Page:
Our History Lecturer, Dr Allan Kennedy, provides an overview of the short but vicious civil war that followed the deposition in 1567 of Mary, Queen of Scots. This article first appeared as part of the ’10 Minutes On…’ column in History Scotland magazine, with whose kind permission it is republished here.
The turbulent personal rule of Queen Mary I came to an end in 1567, when, incarcerated in the grim fortress of Loch Leven, she was forced to abdicate the throne in favour of her infant son, James VI. But Mary, famously, escaped from her prison the following year, quickly assembling an army and confronting her enemies at the battle of Langside. There was to be no triumphant restoration, however: her forces were defeated, and she responded by fleeing precipitously to England, remaining a prisoner of Elizabeth I until her execution nineteen years later.
Yet the queen’s flight did not immediately kill her cause. She was, after all, the anointed and undoubtedly rightful sovereign, and this air of legitimacy, combined with ties of kinship and patronage, personal ambition, and, to a lesser extent, religious considerations, ensured that many Scots remained loyal to her. Prominent among these ‘Queen’s Men’ were the Hamilton family, led by the Protestant James, earl of Arran and duke of Châtellerault, whose extensive influence and position as second-in-line to the throne gave Mary’s party significant clout.
Ranged against the queen’s partisans were the ‘King’s Men’, supporters of the baby James VI, but in reality led by his regent, and Mary’s half-brother, James, earl of Moray. This grouping tended to be vocal about the religious aspects of the conflict, setting themselves up as defenders of the Reformation again a Catholic queen, although they often cast Mary as a tyrant who deserved deposition on political grounds as well. While these issues undoubtedly influenced some, most of James’s partisans were probably driven by a similar sort of personal calculus, rooted in obligation and self-interest, as influenced Mary’s supporters.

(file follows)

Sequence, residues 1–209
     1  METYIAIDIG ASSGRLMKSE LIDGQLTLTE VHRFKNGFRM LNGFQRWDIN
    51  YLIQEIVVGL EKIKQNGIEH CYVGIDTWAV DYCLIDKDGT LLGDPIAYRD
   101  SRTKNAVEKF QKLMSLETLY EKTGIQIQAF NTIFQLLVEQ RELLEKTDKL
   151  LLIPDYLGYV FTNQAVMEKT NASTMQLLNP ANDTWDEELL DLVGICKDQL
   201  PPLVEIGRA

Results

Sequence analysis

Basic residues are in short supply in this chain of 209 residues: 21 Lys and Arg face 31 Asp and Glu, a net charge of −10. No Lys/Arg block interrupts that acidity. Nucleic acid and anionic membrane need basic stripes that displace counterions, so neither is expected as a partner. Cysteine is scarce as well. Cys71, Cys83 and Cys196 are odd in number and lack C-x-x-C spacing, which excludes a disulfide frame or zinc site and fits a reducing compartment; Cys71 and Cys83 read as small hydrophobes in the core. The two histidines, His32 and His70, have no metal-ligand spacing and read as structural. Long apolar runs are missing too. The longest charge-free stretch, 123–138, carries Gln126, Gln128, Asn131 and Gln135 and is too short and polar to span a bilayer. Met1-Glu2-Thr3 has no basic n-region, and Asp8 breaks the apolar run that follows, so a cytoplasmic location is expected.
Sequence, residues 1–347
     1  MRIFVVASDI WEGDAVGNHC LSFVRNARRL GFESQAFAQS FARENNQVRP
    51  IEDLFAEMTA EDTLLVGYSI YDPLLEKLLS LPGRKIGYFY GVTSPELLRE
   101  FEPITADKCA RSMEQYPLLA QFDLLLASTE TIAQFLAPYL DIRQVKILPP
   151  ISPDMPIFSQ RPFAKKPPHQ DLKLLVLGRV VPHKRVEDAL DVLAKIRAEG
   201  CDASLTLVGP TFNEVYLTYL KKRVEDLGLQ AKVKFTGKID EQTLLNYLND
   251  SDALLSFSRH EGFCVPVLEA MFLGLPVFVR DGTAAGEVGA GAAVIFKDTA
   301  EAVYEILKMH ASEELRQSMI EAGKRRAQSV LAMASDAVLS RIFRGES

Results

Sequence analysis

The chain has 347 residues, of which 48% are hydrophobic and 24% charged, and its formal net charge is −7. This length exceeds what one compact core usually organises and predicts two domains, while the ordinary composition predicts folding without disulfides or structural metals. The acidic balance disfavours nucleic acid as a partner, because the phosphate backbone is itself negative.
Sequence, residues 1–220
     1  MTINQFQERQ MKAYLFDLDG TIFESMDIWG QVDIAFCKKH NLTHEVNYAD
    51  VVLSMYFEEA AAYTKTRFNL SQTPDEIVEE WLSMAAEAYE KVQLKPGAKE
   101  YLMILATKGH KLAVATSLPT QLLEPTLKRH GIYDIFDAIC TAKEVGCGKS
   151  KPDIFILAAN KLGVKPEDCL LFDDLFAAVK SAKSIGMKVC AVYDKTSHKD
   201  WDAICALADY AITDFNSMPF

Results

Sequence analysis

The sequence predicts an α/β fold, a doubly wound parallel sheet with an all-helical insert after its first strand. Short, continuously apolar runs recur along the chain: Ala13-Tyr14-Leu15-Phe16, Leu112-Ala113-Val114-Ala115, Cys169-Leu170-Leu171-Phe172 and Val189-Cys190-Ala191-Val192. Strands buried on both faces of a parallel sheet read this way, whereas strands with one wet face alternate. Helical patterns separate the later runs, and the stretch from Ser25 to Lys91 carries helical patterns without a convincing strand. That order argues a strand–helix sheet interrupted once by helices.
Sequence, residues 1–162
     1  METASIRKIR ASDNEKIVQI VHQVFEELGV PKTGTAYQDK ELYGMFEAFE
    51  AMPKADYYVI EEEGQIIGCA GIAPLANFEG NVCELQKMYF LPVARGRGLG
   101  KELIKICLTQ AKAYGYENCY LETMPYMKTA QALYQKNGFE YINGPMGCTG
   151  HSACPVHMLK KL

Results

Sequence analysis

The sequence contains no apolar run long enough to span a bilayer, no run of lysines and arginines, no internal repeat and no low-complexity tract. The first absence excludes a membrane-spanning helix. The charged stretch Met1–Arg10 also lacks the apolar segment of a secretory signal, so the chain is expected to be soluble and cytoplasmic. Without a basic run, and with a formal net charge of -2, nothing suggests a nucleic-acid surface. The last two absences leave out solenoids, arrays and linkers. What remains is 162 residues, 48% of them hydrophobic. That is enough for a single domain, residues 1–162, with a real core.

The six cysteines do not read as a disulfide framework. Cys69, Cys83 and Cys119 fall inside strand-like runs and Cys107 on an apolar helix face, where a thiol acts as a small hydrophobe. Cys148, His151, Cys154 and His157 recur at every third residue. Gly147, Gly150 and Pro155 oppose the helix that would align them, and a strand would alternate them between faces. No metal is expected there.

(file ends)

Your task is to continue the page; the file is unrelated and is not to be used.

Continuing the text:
In mid-1568, just after Mary’s flight, the ‘Queen’s Men’ were dominant in the south-west, in the Lanarkshire and Argyll areas, and in the far north and north-east, while the ‘King’s Men’ held sway elsewhere. Initial efforts by the ‘King’s Men’ to subdue some of these areas foundered with the assassination of Regent Moray early in 1570 (incidentally, the first assassination of a head of government anywhere in the word by means of a firearm), but support from Elizabeth I allowed them to stabilise their position and resume campaigning in Clydesdale. A six-month truce beginning in late 1570 merely postponed the conflict, and when it reignited, the ‘King’s Men’ were again on the offensive. Their capture of the Marian fortress of Dumbarton Castle in April 1571, followed in short order by the defection of several of Mary’s leading supporters, including the earls of Argyll and Cassillis, marked a decisive shift in the conflict.
With campaigns and defections continuing to shift the localities in favour of James’s party, the war increasingly came to focus on Edinburgh. The capital long resisted picking a side, largely taking its cue from the governor of Edinburgh Castle, William Kirkcaldy of Grange. But in April 1571, Grange declared for Mary, taking both castle and city with him. The ‘King’s Men’ could not feel secure until they pacified Edinburgh, and so began a long and grinding struggle for control of the capital. James’s supporters eventually managed to reoccupy the town itself in autumn 1572, but the castle – still arguably the most formidable fortress in the British Isles – obstinately held out.
Most of the remaining Marian partisans surrendered in the ‘pacification of Perth’ of February 1573, leaving the ‘Queen’s Men’ with little except Edinburgh Castle, where Grange still held out. But in April, the ‘King’s Men’ were finally able to turn English sympathy into substantial military support; a force of 1,000 English troops surrounded the castle and began bombarding it with their 27 siege guns. Grange resisted for twelve days, but finally, on 28 May, he surrendered, thereby bringing the Marian Civil War to a close and confirming the deposition of Queen Mary in favour of King James.
J.A. Dawson, Scotland Re-Formed, 1466-1587 (Edinburgh, 2007)
G. Donaldson, All the Queen’s Men: Power and Politics in Mary Stewart’s Scotland (London, 1983)
H. Potter, Edinburgh under Siege, 1571-1573 (Cheltenham, 2003)